Currently, the first Swiss wastewater treatment plants are being upgraded with an additional treatment stage for the removal of micropollutants using granulated activated carbon (GAC), including the WWTP at Muri. Eawag provided technical support for the design of the installation and is also investigating unresolved issues.
Since the revised Swiss Waters Protection Ordinance came into force at the beginning of 2016, some Swiss wastewater treatment plants (WWTP) must be upgraded with an additional treatment stage to remove micropollutants from wastewater. One possible process for this is filtration with granulated activated carbon (GAC), for which the aquatic research institute Eawag has produced a planning aid together with the Swiss Wastewater and Water Protection Experts (VSA).
Together with partners, Eawag also provided technical support for the upgrading of the first WWTPs with this process, including the WWTP at Muri. As researchers and engineers explain in an article just published in the journal Aqua & Gas, they were able to show during a one-year pilot phase that the GAC process and the two activated carbons tested are well-suited for the wastewater in Muri and meet the specified treatment performance.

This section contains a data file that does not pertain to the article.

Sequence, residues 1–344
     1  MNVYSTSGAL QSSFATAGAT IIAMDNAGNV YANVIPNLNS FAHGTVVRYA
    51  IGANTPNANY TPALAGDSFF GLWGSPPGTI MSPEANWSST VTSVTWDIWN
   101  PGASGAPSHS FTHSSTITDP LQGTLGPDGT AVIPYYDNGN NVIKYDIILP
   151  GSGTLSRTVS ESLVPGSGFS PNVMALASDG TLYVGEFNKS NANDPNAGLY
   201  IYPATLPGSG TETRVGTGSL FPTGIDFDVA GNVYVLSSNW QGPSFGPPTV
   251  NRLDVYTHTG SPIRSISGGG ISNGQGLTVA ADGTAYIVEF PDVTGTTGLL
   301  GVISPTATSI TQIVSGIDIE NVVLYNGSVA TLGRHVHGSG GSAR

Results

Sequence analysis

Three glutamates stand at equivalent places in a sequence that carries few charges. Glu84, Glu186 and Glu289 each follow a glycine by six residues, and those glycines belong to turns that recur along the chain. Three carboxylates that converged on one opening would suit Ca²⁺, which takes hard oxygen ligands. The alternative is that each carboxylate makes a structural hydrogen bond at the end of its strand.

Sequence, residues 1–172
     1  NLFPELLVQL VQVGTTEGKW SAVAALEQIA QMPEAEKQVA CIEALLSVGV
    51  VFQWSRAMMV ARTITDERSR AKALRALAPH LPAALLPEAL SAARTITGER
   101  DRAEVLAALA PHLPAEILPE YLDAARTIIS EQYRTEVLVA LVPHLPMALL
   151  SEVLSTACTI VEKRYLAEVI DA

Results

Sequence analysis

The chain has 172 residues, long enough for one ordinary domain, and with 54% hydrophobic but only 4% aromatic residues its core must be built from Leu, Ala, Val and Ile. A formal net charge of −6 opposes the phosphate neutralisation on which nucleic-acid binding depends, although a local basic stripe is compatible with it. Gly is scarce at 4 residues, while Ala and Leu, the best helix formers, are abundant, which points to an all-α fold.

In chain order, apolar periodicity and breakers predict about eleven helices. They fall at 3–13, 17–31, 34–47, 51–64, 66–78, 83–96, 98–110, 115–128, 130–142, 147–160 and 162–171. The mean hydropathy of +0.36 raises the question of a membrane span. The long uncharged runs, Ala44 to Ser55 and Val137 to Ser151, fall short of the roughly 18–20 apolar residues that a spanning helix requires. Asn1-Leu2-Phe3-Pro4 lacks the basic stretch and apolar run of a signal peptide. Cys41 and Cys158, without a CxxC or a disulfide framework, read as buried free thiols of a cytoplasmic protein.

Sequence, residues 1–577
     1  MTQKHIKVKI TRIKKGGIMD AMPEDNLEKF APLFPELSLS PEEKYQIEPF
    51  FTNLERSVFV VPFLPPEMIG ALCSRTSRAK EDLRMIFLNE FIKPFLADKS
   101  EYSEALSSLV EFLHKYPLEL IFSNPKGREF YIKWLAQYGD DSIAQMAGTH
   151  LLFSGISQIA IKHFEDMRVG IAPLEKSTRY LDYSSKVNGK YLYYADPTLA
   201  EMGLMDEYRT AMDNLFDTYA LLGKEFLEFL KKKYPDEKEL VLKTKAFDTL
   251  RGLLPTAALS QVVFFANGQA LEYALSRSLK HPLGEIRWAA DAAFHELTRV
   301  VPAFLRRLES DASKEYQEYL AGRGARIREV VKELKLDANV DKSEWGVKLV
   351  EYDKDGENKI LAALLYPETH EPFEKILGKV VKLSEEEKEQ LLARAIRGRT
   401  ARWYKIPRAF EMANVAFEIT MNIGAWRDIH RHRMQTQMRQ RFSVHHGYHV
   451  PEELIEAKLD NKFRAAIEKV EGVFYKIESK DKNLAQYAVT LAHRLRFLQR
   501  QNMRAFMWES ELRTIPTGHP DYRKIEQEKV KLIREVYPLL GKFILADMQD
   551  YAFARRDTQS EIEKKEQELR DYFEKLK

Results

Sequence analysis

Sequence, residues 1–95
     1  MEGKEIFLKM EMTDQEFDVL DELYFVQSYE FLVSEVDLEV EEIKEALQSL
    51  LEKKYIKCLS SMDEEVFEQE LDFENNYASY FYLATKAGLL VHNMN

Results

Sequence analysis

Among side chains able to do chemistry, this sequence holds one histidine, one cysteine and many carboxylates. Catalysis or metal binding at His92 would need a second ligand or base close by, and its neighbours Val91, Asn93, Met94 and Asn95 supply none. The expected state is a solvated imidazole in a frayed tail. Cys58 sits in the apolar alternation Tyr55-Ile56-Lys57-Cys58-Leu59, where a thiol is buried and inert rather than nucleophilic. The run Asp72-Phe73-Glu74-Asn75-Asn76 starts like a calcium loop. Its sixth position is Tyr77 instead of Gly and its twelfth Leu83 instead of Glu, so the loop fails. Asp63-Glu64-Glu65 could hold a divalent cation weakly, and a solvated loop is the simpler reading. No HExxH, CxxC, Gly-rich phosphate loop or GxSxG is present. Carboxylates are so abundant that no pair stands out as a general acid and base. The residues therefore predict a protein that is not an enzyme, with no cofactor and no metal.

They also investigated how the four GAC filter cells planned for the Muri WWTP must be operated in order to be able to use them for as long as possible, thereby saving costs. For this purpose, a program was used to simulate the operation of the plant for the next 20 years. A parallel connection of the filters proved to be most effective.
Rain worsens the cleaning process
During the simulation, however, it also became apparent that during rainfall – simulated in the test by diluting the wastewater with drinking water – the cleaning performance of the filters is lower than in dry weather. The researchers suspect that if wastewater is heavily diluted by rain, desorption of individual substances from the activated carbon could possibly take place, as this is already highly loaded with pollutants. Whether this assumption is correct is currently being investigated in Eawag’s experimental facility.
The additional treatment stage in Muri is scheduled to go into operation in about a year. It will then provide practical experience on this process together with other wastewater treatment plants with GAC filtration. This will allow the planning aid from Eawag and the VSA to be further refined and optimised.